“He should pull over. He should keep his hands on the steering wheel. He should be deliberately courteous and compliant. He should accept the citation (if issued) and go on his way. If they ask to search his car, he has the right to say, ‘no.’ There are a few reasons why they may be permitted to search it regardless. If he is asked to get out of the car, he should do so. And yes, the officers may pat him down if they have a reasonable suspicion that he could be a threat.”

I spouted out those instructions the way I had been trained to. Still, the justice-seeking, card-carrying NAACP member in me wanted to “beat my chest,” and talk about Sandra Bland, and Eric Garner, and Michael Brown. However, the mom in me wanted her son to make it home—to live to tell the story.

As a staunch supporter of “the struggle,” I believe and know that Black lives matter. I live in Black skin everyday. I’ve wrestled to elevate myself in a system flanked with those who have proven to themselves that I don’t deserve it…simply because I’m Black. Notwithstanding that reality, as a parent I believe and know that my son’s life matters.

I know that in order to protect him, in order to continue to lay my eyes on him—he has to be smarter than the system that makes it acceptable for him to be shot on sight, hanged with a trash can liner, or gunned down with his hands up.

He has to be smarter.

Thanks to Wellington Sanipe

Thanks to Wellington Sanipe

I’m not in favor of a world that makes Black men more docile, more compliant than their White counterparts, or more at risk because of their Black skin. But, I am in favor of a world in which Black children outlive their parents—a world in which one can be Black and die of old age and not from a police officer’s bullet.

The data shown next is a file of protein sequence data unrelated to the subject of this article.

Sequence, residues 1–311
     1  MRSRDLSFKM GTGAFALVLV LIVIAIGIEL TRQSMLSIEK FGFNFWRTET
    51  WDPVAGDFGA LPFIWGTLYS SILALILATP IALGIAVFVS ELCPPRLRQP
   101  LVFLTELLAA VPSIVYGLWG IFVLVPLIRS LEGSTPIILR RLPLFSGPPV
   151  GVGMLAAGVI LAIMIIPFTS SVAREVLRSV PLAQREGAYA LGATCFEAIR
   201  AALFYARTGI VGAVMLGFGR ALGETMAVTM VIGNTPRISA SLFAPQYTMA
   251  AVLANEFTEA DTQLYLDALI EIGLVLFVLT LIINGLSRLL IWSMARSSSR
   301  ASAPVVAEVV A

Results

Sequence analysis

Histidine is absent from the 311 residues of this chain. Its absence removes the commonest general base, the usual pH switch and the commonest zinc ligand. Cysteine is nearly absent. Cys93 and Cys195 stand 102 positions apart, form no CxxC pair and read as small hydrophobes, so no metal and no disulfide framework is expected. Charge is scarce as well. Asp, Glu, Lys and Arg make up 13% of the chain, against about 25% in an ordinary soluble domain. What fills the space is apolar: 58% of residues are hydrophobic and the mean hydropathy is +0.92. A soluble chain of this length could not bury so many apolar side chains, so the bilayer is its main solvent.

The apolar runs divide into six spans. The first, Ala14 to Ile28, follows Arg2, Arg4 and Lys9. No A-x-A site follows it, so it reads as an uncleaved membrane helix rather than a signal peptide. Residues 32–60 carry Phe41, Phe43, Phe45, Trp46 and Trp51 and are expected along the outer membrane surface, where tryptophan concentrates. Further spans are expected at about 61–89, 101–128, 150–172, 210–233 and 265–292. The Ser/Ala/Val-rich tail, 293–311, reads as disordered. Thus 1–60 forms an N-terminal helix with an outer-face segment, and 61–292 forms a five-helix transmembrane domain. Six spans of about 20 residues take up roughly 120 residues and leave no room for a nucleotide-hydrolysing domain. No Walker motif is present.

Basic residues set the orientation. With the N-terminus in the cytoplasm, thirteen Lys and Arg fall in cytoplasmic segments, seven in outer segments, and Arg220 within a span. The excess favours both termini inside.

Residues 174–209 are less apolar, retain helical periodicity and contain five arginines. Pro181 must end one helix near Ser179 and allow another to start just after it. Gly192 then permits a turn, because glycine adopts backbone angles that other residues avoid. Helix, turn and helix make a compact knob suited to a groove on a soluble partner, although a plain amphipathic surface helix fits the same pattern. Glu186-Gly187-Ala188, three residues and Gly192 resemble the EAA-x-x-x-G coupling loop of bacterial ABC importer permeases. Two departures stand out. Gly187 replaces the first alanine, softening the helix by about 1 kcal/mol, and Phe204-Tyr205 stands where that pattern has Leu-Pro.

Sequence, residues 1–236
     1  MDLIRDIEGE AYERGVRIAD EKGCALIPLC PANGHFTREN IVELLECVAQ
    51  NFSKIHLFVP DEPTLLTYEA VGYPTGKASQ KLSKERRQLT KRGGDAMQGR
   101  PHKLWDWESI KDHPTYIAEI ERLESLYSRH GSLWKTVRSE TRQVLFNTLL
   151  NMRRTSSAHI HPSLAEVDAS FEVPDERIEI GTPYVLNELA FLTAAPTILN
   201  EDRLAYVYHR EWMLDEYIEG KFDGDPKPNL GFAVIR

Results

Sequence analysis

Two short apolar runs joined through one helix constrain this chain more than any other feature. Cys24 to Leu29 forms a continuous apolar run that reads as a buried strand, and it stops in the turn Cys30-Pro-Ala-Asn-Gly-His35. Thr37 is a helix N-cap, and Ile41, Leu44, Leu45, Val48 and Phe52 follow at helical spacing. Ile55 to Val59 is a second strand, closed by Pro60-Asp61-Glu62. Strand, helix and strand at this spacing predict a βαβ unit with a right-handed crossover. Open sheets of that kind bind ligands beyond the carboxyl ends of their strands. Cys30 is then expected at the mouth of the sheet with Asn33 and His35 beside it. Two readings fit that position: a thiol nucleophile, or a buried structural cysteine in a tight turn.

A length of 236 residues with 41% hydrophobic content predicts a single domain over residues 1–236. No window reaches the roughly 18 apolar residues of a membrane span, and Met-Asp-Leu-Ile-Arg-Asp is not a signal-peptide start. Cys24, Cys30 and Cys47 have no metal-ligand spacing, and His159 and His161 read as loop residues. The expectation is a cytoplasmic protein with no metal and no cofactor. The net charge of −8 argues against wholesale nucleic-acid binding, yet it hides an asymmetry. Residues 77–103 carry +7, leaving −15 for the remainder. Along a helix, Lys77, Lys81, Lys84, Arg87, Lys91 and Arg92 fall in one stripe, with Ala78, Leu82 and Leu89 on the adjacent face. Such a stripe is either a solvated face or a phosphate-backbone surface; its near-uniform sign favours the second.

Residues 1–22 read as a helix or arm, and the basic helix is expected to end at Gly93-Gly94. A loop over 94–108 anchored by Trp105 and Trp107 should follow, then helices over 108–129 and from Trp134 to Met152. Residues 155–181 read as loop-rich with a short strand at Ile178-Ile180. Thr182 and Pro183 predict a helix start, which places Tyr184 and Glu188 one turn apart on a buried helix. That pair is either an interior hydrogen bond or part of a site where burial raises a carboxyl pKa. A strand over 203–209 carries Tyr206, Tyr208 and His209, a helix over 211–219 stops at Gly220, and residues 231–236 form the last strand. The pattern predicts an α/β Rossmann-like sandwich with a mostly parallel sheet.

Admittedly, what we tell ourselves as parents often contradicts what we tell our children. It’s true. I’d tell my son exactly what I suggested my friend tell her son.

All the while, on the inside I’m telling myself, “If anybody touches my child (police officer or common citizen), I will hunt them down. I will be neither deliberately courteous nor compliant. I will be vicious and vigilant. And, yes, at any cost there will be justice.”

“Exchanges Between Fathers and Sons”

Thanks to Patrik Gothe

Thanks to Patrik Gothe

I read John Wideman’s Fatheralong, and here’s a great quote:

The stories must be told. Ideas of manhood, true and transforming, grow out of private, personal exchanges between fathers and sons. Yet for generations of black men in America this privacy, this privilege has been systematically breached in a most shameful and public way. Not only breached, but brutally usurped, mediated by murder, mayhem, misinformation. Generation after generation of black men, deprived of the voices of their fathers, are for all intents and purposes born semi-orphans. Mama’s baby, Daddy’s maybe. Fathers in exile, in hiding, on the run, anonymous, undetermined, dead. The lost fathers cannot claim their sons, speak to them about growing up, until the fathers claim their own manhood. Speak first to themselves, then unambiguously to their sons. Arrayed against the possibility of conversation between fathers and sons is the country they inhabit, everywhere proclaiming the inadequacy of black fathers, their lack of manhood in almost every sense the term’s understood here in America. The power to speak, father to son, is mediated or withheld; white men, and the reality they subscribe to, stand in the way. Whites own the country, run the country, and in this world where possessions count more than people, where law values property more than person, the material reality speaks plainly to anyone who’s paying attention, especially black boys who own nothing, whose fathers, relegated to the margins, are empty-handed ghosts.

(From Fatheralong, 64-65)